The growth strategy underlying Budget 2010 intensifies a recent tendency wherein private consumption expenditure has increasingly substituted for public expenditure in order to induce growth. It also accepts a regressive bias in fiscal policy as part of the strategy. In the Union Budget, the government has restructured the tax system so as to curtail revenue expenditures, while maintaining past direct tax concessions and using a part of its revenues to provide new concessions that are expected to spur demand, sustain and increase corporate savings and encourage corporate investment, all with the intention of "facilitating" growth. The potentially "inequalising" fallout of such an approach is possibly seen as collateral damage in realising a high rate of market-driven (as opposed to state-driven) growth, which needs to be redressed separately - if at all it will be.

Sovereign Default in the Core?

Rising sovereign or sovereignguaranteed debt followed on occasion by sovereign default was until recently a problem faced by developing countries. Now the pattern has turned upside down. It is the metropolitan centres of capitalism which are running up large debts and are experiencing a rapid increase in the public debt-GDP ratio. Some of them may even end up defaulting on this debt.

How Sound Is Indian Banking?

The Committee on Financial Sector Assessment has found Indian banking to be in sound shape. However, while liberalisation and financial integration may not have resulted in excess exposure of Indian banks to the toxic assets that originated in the US and Europe, there is still cause for concern since the behaviour of domestic banks - with lending shifting in favour of more risky assets - has begun to resemble that of banks in the advanced countries.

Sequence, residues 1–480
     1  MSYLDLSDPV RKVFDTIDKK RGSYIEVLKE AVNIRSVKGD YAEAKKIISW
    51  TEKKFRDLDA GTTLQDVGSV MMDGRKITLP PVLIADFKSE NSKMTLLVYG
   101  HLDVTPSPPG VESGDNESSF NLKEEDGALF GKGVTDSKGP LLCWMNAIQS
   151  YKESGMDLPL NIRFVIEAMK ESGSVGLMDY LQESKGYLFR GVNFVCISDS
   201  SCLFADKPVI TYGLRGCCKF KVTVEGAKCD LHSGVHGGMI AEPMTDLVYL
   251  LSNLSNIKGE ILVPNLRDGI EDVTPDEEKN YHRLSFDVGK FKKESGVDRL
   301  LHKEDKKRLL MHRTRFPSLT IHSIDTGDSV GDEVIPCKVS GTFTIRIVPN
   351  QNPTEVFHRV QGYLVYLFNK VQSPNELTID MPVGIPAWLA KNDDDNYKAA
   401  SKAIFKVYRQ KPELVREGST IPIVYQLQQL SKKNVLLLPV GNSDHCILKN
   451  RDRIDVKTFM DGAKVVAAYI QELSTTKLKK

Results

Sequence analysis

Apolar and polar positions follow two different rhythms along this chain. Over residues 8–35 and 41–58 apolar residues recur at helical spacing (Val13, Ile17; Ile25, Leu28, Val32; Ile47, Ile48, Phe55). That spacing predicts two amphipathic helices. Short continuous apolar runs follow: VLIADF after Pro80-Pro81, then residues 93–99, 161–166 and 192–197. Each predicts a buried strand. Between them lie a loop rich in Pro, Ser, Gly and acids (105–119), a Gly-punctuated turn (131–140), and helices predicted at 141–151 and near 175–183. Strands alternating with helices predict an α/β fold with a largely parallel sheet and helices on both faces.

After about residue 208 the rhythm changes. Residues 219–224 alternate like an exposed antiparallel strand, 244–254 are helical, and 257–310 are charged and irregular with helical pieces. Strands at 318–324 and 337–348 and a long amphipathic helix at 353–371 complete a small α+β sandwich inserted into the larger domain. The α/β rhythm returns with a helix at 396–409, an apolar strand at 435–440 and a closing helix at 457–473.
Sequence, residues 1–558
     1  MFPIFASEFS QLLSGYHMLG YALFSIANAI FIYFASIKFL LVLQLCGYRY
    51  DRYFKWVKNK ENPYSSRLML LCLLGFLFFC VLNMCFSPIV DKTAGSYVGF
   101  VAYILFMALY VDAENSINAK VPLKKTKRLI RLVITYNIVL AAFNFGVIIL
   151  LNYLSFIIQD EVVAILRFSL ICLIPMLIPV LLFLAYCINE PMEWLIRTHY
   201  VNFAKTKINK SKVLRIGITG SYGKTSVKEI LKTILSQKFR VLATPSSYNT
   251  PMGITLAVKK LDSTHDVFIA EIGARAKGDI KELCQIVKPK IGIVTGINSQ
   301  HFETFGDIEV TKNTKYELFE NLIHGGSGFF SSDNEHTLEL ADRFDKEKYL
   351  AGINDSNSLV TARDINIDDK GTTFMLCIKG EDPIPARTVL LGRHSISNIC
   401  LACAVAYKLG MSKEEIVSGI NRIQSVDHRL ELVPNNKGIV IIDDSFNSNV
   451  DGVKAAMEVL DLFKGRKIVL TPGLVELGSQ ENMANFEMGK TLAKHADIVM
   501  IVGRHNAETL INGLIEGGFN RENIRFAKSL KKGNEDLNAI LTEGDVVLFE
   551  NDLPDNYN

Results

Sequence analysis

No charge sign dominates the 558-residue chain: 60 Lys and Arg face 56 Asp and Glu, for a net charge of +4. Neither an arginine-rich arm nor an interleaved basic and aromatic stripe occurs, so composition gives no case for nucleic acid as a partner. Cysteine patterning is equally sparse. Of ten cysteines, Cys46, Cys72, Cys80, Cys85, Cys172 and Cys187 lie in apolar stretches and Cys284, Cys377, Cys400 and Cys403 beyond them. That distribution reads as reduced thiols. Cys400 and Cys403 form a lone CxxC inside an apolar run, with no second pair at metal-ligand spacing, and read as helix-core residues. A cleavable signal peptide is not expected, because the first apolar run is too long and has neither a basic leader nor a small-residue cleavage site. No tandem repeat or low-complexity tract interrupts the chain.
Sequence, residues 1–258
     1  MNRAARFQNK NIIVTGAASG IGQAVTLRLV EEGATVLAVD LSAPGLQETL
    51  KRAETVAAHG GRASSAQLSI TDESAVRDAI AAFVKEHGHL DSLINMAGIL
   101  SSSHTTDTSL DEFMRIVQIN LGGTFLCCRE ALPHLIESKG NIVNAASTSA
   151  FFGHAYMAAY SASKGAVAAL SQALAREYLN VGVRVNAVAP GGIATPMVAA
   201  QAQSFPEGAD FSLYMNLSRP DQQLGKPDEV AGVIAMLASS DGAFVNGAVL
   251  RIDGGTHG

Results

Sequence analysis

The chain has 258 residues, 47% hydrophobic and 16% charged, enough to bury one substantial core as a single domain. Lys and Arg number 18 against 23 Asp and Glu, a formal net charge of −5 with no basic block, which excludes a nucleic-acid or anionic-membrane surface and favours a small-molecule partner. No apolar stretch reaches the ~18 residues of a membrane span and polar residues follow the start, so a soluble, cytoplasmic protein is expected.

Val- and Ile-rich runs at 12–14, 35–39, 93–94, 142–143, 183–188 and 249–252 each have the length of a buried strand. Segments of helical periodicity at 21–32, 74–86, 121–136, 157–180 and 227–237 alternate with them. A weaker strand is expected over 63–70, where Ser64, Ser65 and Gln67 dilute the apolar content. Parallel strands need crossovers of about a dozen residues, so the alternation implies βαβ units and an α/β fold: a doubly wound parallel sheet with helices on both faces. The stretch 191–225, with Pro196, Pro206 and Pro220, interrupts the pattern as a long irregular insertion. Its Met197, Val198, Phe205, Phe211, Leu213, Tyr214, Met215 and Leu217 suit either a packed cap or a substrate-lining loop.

Must Banks Be Publicly Owned?

Even as analysts and policymakers in the United States and Europe are debating whether nationalisation is the best option to deal with the crisis in the banking system, governments have already opted to hold a majority of ordinary shares in the expanded equity bases of leading banks. Objections aside, the scale of the crisis portends that the need to inject more capital into the system will only grow. In addition, deregulation and the transition in banking from a structure that was based on "buy-and-hold" to one that relied on an "originate-and-sell" strategy almost certainly points to the need for a publicly owned banking system to ensure the proper functioning of the private sector.

Beyond Basel for Banking Regulation

The financial crisis has made clear that the accumulation of risk and the occurrence of crises are almost inevitable in a self-regulated financial system governed by a framework of the Basel kind. One solution is to monitor investment banks and hedge funds and subject them to regulation while seeking an institutional solution that would protect the core of the financial structure, the banking system. The bail out implemented in the US and some of the west European countries has been forced to take a form that perhaps provides the basis for such a transformation. Governments have opted for state ownership and direct influence over decision-making. Will this be temporary or a new form of banking regulation?